50 Years of Change

I began my insurance career in 1967 as a claims adjuster for the very best of reasons – $75 more a month and a company car. Then, I had 20-20 vision, a 92mph fastball and a new actual paper Key Map of Houston.  I still have the map.

So, how has our business changed? Maybe it would be good to start with what hasn’t changed about insurance…

What hasn’t changed in Insurance

  • WHEN ALL ELSE FAILS, READ THE POLICY;
  • Most people don’t have good things to say or good feelings about insurance (until they need it, of course);
  • Just about everyone buys some;
  • Virtually no commerce of any kind would be possible without it;
  • At times, good claims still get denied and bad claims still get paid;
  • We are still regulated by the States;
  • Good insureds still pay way too much of bad insureds share;
  • Information and transparency are still the currencies of success;
  • Your customers are solicited by your competition, in one form or another, every day;
  • The potential for personal growth is as strong as ever to those who want it;
  • It all comes down to arithmetic;
  • Your charm has limited value to the customer;
  • WHEN ALL ELSE FAILS, READ THE DANG POLICY;
  • The American agency system is still the epitome of entrepreneurship;
  • “Personal Lines” insurance is called “personal” for very good reason;
  • The Plaintiff bar somehow stays one step ahead;
  • If you don’t do what your customer wants, someone else will;
  • The best assurance of a good claim result is the proper structure of coverage in the beginning;
  • The “paperless” office I first heard we were going to in 1976 still hasn’t arrived;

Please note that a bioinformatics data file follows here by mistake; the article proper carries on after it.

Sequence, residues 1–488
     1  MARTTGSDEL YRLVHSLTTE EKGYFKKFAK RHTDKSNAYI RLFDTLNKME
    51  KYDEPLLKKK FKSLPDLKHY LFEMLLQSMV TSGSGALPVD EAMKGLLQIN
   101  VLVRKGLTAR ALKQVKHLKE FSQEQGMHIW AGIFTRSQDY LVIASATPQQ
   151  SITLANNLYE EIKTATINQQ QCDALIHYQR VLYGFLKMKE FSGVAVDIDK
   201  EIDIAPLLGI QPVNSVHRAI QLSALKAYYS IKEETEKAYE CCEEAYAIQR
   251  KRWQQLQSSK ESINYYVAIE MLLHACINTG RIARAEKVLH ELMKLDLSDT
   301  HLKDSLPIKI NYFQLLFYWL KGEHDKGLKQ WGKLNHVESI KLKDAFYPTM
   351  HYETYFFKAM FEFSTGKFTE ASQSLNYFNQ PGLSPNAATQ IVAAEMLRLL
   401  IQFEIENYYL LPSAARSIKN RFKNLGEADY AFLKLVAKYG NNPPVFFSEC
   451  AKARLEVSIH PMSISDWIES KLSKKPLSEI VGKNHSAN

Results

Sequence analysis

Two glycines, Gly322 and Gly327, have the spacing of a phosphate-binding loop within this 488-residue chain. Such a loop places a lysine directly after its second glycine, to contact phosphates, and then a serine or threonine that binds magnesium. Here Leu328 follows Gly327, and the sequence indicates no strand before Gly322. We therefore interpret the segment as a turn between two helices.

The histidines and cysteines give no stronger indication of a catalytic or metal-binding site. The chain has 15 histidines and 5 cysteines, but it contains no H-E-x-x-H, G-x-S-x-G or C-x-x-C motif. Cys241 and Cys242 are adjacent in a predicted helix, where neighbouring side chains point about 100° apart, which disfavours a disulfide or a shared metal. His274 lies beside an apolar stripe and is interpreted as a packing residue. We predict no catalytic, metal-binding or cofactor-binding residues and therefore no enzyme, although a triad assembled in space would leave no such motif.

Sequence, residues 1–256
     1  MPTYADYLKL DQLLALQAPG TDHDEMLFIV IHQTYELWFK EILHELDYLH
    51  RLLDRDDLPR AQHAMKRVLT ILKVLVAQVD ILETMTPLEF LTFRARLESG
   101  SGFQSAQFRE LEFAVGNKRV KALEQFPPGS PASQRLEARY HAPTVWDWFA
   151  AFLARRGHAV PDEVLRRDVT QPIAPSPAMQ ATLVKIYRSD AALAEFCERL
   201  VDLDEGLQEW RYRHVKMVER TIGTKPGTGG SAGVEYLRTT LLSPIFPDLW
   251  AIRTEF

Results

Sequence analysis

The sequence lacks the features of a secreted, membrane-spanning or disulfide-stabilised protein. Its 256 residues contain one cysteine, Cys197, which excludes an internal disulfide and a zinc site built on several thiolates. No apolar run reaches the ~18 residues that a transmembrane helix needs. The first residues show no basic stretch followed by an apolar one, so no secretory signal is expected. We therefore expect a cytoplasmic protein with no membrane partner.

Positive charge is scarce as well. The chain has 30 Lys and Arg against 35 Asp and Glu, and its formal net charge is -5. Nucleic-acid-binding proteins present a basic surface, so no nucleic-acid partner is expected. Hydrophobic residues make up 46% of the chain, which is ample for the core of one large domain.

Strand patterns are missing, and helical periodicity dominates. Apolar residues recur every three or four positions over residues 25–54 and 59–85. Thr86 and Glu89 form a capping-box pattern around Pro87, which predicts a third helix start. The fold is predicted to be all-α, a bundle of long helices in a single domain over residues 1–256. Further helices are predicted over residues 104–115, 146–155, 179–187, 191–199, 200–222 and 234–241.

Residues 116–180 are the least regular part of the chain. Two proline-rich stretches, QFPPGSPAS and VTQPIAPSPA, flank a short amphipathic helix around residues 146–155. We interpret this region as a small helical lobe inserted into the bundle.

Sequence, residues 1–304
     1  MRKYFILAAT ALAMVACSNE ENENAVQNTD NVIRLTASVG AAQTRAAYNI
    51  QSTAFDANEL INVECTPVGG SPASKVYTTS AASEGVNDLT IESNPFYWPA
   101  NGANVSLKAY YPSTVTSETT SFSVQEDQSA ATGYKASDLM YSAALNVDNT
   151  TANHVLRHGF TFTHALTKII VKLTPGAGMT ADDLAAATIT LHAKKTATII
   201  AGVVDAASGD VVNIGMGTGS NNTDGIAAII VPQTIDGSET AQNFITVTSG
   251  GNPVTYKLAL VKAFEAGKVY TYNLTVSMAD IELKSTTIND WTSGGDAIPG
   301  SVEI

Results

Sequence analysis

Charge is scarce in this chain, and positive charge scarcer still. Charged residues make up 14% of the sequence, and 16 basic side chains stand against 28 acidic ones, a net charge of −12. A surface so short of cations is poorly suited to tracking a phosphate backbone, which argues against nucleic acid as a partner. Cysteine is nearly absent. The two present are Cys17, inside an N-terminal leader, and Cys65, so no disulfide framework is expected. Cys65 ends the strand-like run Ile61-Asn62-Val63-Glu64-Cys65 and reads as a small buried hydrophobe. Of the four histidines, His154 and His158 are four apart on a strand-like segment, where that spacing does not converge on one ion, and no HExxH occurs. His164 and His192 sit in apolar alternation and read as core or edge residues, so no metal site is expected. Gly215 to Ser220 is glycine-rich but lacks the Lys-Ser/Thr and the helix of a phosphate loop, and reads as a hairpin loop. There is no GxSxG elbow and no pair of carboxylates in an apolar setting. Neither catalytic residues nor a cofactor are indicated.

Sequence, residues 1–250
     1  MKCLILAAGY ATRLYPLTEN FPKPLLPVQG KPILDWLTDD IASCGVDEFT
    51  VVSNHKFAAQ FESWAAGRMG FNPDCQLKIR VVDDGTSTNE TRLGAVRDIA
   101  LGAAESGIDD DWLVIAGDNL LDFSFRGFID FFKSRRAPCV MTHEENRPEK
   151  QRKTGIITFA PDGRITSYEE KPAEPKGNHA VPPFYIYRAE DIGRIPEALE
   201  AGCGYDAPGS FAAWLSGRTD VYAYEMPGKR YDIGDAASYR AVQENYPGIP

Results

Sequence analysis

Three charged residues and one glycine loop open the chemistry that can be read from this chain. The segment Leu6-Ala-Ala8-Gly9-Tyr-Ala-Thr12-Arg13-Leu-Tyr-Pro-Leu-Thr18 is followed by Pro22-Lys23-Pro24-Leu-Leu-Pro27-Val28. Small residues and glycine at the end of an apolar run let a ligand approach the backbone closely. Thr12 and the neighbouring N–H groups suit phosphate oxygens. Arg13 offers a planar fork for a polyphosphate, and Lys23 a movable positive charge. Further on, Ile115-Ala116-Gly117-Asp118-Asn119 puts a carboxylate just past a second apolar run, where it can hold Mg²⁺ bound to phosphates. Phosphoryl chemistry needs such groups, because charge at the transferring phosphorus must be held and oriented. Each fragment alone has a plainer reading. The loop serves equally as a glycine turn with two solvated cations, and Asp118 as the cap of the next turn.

• For insurance sales people, “close mouth, open ears” is the best advice you will ever get;
  • Insureds always know more about their business and its risks than you ever will;
  • “Please” and ”thank you” still work wonders;
  • By perseverance did the snail reach the Ark;
  • I really do like what I do.
  • WHEN ALL ELSE FAILS, READ THE FREAKIN’ POLICY;
  • For the insurance buyer, cheap insurance could still be the most expensive purchase you ever make.

So, then, what has changed in the insurance industry?

  • Health care on all sides gets more and more difficult for everyone;
  • Shareholder value is the most important measure of success for insurers;
  • IT rules;
  • Natural disasters seem more and more unnatural;
  • Insuring (or not) for environmental issues affects an incredible amount of commerce;
  • If they can buy it on line, they will;
  • Workplace decorum is a good (and necessary) thing;
  • Investment capital wants more and more of this business;
  • ”work from home” gains in popularity;
  • AI / robotic underwriters – are they already among us?
  • A far more detailed knowledge of the product we provide is necessary;
  • We must think globally;
  • 24 / 7 access to and from our customers is critical;
  • Instant communication requires instant action;
  • Didn’t read the policy, did you?

My observation

In summary, then, my observation is this – while the technical necessities of our business today have changed for us and for every other business, the basics of how we successfully do what we do have not.

So, with change being the only universal constant, I think Will Rogers said it best…

Even if you’re on the right track, you’ll get run over if you just sit there.”



Ray, a business insurance producer with Higginbotham Insurance / Houston specializing in Property / Casualty / Surety for the Energy industry plus its financial partners and regulators, brings decades of experience and knowledge to his clients and industry colleagues. His roles in claims, underwriting, management, leadership, training and production offer a unique perspective of risk and solutions. He has worked for major global brokers, local and regional independent agencies. A native Houstonian, Ray has served clients from coast to coast and globally with positions in Florida, California and, of course, always back to Texas. Ray, and his wife of 48 years, Sharon (also a native Houstonian), live in Houston, TX and enjoy golf, dancing and the occasional casino trip. Ray is a 1969 graduate of the University of Houston with a BBA in Marketing.



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